3 of my books to give away. Who wants one? http://amzn.to/1WXJhcD Apply in tweeting or by email with your creative deservability.
Life as a researcher is very odd sometimes. You ensconce yourself deeply in theoretical worlds and often with every paper you read and every conversation you have you just bury yourself deeper in the thicket of your own sense-making. It’s hard to look at how your little piece of knowledge production fits with everyone else’s and how all that collective knowledge creates a collated movement towards understanding. That’s what this new book Beyond Behaviour Change is all about – it’s my chance to climb to the top of the tallest tree I could find and seeing how the land lies.
Sadly, wicked problems like obesity and climate change aren’t going anywhere fast. As such, ‘behaviour change’ has become a buzzword in academia and amongst policy makers. Research councils fund it, academics research it and policy makers do it. But like all topics of social scrutiny, behaviour change is evolving. A mind map of key issues would include things like ‘interdisicplinarity’, ‘nudge’, ‘systems thinking’, ‘individual responsibility’ and ‘rigorous evaluation’. Topics like these are the subject of discourse within centres which study behaviour change across the UK. There is no cohesive ‘field’ of behaviour change, but a disparate range of experts who continue to build a portfolio of evidence from their particular set of ideological, methodological and ontological perspectives. This book brings together a range of these perspectives from established experts across the spectrum of behaviour change approaches. The historical roots of political, legal and persuasive intervention are considered, along with the ‘nudge’ craze and softer marketing based measures. More radical thinking is tackled too, from a critique of the participatory trend to insights about the dangers of falling for the lure of corporate social responsibility. But for me, the crescendo of the book is to be found within the chapters on systems thinking and social practice theory.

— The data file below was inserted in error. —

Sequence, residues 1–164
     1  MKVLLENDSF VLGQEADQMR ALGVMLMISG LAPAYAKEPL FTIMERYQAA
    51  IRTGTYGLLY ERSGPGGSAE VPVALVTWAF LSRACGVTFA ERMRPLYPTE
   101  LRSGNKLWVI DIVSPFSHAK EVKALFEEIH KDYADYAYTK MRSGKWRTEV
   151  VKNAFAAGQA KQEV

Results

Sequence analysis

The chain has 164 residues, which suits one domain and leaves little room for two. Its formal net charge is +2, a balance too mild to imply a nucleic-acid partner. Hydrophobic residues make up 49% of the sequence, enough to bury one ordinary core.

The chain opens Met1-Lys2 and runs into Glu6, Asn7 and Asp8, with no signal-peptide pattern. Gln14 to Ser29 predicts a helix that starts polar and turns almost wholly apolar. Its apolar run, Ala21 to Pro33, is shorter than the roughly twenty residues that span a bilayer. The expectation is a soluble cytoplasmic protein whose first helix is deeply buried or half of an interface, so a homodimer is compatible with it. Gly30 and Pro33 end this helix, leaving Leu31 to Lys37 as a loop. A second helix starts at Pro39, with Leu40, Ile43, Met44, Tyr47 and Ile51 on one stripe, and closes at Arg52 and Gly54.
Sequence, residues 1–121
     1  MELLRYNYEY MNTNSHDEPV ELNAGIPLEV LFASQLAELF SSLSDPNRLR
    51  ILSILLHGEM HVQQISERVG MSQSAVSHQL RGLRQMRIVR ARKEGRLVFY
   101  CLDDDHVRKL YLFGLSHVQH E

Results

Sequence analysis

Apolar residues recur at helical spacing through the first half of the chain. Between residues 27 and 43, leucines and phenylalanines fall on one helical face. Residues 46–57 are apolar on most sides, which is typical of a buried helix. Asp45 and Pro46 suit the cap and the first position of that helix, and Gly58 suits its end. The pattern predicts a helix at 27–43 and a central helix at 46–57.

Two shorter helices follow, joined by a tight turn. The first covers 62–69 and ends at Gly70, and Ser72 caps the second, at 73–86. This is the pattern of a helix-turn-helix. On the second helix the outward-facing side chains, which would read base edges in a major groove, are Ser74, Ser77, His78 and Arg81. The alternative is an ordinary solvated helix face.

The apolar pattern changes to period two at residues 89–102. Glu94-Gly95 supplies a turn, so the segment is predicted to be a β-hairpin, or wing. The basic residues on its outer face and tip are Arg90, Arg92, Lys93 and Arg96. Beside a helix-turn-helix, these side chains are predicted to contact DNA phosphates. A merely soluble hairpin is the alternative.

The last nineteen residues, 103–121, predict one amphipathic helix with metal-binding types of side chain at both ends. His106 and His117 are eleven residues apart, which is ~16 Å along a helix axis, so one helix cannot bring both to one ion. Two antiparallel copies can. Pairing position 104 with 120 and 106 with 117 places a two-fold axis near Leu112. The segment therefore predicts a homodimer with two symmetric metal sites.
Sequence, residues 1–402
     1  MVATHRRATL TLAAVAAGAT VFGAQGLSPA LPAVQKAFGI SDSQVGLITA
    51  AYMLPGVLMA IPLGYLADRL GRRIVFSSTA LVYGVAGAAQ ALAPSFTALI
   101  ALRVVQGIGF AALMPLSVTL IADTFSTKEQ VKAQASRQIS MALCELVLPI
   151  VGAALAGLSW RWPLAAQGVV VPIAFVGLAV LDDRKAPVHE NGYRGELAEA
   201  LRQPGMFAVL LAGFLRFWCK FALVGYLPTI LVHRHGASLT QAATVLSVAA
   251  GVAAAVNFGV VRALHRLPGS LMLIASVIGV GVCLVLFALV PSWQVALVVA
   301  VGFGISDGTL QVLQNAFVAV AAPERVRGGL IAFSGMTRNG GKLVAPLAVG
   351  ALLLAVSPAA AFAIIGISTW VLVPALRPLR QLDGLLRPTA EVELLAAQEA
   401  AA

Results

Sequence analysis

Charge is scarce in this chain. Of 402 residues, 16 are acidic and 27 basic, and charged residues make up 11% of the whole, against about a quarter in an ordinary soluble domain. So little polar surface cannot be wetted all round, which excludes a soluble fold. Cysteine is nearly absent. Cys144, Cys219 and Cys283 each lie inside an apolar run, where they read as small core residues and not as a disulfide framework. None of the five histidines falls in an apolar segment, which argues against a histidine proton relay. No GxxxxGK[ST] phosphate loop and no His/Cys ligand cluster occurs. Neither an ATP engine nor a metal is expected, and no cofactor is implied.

“As we set off for our run, a swarm of hi-viz sweeping down the pavement, most of the group were attempting to avoid tripping over the feet in front whilst peering and tapping at their wrists to start a heart rate watch or Garmin tracker. All you can hear is ‘beep beep beep’ and the panting of runners whose minds are not focused on avoiding the puddles but rather on their cosy post-run analysis of each kilometre; armchair, recovery drink and commentary on which bit was hard, where they improved and who they beat up which hill. It’s a new kind of running” (research field notes by the author).